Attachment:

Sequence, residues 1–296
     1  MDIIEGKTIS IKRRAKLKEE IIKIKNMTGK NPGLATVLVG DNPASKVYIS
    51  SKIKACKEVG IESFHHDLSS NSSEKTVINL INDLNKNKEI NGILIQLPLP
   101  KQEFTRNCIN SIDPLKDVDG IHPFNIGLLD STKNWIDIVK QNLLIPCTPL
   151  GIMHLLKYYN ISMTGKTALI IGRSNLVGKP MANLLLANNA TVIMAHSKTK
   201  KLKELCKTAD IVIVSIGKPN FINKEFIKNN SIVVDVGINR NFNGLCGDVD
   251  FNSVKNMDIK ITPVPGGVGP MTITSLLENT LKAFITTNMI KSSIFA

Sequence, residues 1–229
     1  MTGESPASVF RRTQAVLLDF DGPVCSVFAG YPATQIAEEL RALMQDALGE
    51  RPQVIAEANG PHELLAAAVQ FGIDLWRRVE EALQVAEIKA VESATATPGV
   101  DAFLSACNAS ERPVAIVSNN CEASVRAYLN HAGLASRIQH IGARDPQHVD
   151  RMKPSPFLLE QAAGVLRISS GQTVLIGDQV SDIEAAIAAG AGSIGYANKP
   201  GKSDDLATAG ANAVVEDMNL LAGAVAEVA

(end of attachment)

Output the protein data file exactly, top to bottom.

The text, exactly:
Sequence, residues 1–296
     1  MDIIEGKTIS IKRRAKLKEE IIKIKNMTGK NPGLATVLVG DNPASKVYIS
    51  SKIKACKEVG IESFHHDLSS NSSEKTVINL INDLNKNKEI NGILIQLPLP
   101  KQEFTRNCIN SIDPLKDVDG IHPFNIGLLD STKNWIDIVK QNLLIPCTPL
   151  GIMHLLKYYN ISMTGKTALI IGRSNLVGKP MANLLLANNA TVIMAHSKTK
   201  KLKELCKTAD IVIVSIGKPN FINKEFIKNN SIVVDVGINR NFNGLCGDVD
   251  FNSVKNMDIK ITPVPGGVGP MTITSLLENT LKAFITTNMI KSSIFA

Sequence, residues 1–229
     1  MTGESPASVF RRTQAVLLDF DGPVCSVFAG YPATQIAEEL RALMQDALGE
    51  RPQVIAEANG PHELLAAAVQ FGIDLWRRVE EALQVAEIKA VESATATPGV
   101  DAFLSACNAS ERPVAIVSNN CEASVRAYLN HAGLASRIQH IGARDPQHVD
   151  RMKPSPFLLE QAAGVLRISS GQTVLIGDQV SDIEAAIAAG AGSIGYANKP
   201  GKSDDLATAG ANAVVEDMNL LAGAVAEVA